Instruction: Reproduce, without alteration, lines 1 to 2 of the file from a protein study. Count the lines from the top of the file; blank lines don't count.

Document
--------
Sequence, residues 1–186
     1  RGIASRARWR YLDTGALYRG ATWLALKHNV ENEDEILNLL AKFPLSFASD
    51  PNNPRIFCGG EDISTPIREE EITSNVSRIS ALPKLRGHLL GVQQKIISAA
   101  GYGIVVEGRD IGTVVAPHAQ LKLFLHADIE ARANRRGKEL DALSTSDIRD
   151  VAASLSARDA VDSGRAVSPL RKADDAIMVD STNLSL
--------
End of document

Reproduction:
Sequence, residues 1–186
     1  RGIASRARWR YLDTGALYRG ATWLALKHNV ENEDEILNLL AKFPLSFASD